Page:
A friend on Facebook pointed out the Skytran to me recently. It's quite a fascinating concept transit system, and the Skytran home page is worth your time to check out since I really don't think I could describe it with words that do it justice.
My initial thoughts on this concept:
First, it's definitely a much better option than traditional rail mass transit. As Randal O'Toole has argued (here, for example) rail mass transit is terribly inefficient(in cost per passenger-mile) and inflexible when compared to buses, for example, and also that it primarily exists because of perverse incentives in federal mass transit funding.
Second, slightly more negative, is that NASA is the primary researcher mentioned. As much as they've come up with cool technology I'm skeptical of their ability to either meet a consumer demand or develop and implement anything as cost-effectively as a private sector R&D organization.
Third, to be a serious alternative to the private auto, the Skytran would have to be flexible in its routing (i.e. each vehicle could go to any boarding station on the metropolitan Skytran network without the rider having to transfer from one vehicle to another).
Fourth, as simple as erecting utility poles is, it's formidable and expensive to replace them all across a metro area. You'd also have to plan on making major upgrades to the local power grid to be able to supply sufficient electricity for the Skytran system. Additionally the cost of sufficient vehicles to meet demand might add a lot, though certainly not as much as the tracks themselves.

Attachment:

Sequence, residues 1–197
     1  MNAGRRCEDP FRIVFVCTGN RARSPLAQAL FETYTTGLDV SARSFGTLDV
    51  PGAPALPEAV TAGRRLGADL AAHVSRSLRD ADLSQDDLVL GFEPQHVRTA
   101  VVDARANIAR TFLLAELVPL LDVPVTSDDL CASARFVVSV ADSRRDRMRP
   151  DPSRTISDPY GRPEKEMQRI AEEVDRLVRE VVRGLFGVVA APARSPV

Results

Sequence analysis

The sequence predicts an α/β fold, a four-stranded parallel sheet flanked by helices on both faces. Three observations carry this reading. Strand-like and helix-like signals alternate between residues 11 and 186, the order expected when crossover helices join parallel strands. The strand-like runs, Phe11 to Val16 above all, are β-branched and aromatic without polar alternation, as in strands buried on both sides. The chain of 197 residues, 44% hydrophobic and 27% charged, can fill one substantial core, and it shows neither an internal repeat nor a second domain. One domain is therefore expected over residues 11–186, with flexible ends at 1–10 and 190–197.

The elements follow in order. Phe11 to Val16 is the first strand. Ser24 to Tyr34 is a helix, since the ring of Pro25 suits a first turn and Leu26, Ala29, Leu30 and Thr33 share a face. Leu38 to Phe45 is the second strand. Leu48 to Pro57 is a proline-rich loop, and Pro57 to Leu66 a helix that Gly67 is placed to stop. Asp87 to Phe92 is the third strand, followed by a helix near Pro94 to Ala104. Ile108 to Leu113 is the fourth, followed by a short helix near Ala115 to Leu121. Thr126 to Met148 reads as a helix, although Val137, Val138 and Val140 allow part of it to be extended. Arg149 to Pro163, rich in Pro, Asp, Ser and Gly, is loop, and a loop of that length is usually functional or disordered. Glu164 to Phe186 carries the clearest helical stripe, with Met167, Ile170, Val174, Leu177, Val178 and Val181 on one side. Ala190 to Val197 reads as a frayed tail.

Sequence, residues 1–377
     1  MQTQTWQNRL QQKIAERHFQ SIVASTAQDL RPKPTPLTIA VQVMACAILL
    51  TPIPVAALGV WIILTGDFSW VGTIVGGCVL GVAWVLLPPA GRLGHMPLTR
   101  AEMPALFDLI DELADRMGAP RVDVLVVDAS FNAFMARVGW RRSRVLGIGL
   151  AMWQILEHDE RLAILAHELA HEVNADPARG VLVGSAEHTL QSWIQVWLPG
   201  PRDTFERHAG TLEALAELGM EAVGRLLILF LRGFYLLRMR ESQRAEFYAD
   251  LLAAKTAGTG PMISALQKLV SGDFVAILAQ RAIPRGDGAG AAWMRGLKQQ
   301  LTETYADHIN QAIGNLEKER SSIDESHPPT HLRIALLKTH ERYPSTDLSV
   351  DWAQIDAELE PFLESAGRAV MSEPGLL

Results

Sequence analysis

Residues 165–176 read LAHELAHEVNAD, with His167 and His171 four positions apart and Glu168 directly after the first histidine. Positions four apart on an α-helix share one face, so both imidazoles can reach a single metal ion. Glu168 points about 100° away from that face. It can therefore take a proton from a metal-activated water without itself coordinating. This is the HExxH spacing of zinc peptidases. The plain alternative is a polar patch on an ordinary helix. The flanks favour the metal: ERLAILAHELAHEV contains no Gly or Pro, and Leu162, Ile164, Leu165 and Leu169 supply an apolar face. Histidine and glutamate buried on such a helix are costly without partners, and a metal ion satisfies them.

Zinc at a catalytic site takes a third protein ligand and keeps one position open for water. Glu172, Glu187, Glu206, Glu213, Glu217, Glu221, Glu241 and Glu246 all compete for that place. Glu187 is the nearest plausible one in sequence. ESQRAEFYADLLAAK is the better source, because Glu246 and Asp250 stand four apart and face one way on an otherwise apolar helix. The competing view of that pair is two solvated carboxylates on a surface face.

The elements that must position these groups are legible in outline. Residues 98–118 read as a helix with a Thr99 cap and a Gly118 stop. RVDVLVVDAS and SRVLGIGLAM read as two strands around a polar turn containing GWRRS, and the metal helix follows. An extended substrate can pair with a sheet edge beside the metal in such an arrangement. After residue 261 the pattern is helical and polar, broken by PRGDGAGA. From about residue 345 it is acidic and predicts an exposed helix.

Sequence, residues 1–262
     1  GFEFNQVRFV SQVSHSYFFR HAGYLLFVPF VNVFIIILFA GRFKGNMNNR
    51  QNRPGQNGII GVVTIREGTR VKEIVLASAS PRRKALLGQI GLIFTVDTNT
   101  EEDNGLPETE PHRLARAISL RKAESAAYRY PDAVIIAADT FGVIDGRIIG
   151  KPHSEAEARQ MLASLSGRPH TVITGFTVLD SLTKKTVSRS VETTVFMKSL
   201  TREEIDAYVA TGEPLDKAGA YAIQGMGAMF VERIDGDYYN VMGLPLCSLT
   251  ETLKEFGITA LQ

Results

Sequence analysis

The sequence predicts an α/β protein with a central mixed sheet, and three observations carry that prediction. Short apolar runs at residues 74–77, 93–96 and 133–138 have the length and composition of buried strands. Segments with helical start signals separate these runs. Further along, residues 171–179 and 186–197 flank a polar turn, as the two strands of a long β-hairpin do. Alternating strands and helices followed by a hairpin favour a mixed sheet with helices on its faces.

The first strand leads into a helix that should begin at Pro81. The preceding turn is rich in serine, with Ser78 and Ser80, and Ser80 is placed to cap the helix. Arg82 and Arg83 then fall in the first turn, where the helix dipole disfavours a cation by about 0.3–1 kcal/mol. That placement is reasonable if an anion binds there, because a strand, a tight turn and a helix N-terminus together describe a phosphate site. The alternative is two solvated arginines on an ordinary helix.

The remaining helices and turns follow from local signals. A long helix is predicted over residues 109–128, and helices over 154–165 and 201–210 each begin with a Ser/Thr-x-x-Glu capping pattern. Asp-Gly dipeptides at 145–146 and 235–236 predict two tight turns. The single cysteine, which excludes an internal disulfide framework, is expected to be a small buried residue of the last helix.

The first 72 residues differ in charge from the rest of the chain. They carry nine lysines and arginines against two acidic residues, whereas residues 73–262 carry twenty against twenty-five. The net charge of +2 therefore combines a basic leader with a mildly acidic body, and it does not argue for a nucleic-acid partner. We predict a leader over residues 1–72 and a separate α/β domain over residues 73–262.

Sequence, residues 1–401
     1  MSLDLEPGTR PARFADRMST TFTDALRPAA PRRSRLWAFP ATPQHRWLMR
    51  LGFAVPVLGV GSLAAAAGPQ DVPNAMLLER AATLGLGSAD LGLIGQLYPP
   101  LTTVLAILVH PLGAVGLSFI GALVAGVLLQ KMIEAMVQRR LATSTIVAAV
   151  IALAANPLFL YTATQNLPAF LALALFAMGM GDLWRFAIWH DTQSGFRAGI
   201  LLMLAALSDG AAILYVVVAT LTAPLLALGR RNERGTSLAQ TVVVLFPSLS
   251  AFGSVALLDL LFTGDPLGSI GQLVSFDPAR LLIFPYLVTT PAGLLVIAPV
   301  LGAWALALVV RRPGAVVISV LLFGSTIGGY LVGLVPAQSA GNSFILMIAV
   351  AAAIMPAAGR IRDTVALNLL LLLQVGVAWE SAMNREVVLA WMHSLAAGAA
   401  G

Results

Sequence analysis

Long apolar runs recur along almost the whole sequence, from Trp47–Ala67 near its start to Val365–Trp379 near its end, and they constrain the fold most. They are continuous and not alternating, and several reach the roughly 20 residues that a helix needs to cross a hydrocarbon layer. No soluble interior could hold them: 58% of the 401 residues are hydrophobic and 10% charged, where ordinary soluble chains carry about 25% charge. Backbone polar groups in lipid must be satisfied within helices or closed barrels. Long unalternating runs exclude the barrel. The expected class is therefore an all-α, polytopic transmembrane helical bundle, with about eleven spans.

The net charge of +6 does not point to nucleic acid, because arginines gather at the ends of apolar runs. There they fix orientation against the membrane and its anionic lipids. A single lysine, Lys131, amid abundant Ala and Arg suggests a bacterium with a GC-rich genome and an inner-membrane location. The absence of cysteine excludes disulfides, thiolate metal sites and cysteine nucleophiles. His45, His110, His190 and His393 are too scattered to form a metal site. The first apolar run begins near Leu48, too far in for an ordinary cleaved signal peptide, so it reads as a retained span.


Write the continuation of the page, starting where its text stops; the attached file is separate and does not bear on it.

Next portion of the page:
Fifth, making the vehicles available when and where they're wanted is a challenge as well. Demand for highways, parking spaces, mass transit seats, taxis, etc. - modes of transport that already exist - is an order of magnitude higher at some times of day and days of the week than others, and is also affected by predictable anomalies like sporting events and concerts. Skytran systems would have to make some tradeoff between purchasing vehicles that sit unused much of the time, or increasing waits during high demand times.
Related to that, and I think this is potentially positive, the Skytran rider could much more easily be charged based on their point of origin and time of day than a highway user or bus rider. Until point 6 takes effect...
Sixth, federal and especially local politicians would love to impose their preferences on such a system. It's not farfetched to imagine generous handouts to transit unions, arbitrary route and fare mandates/restrictions, and various costly add-ons that wouldn't be chosen in a free market.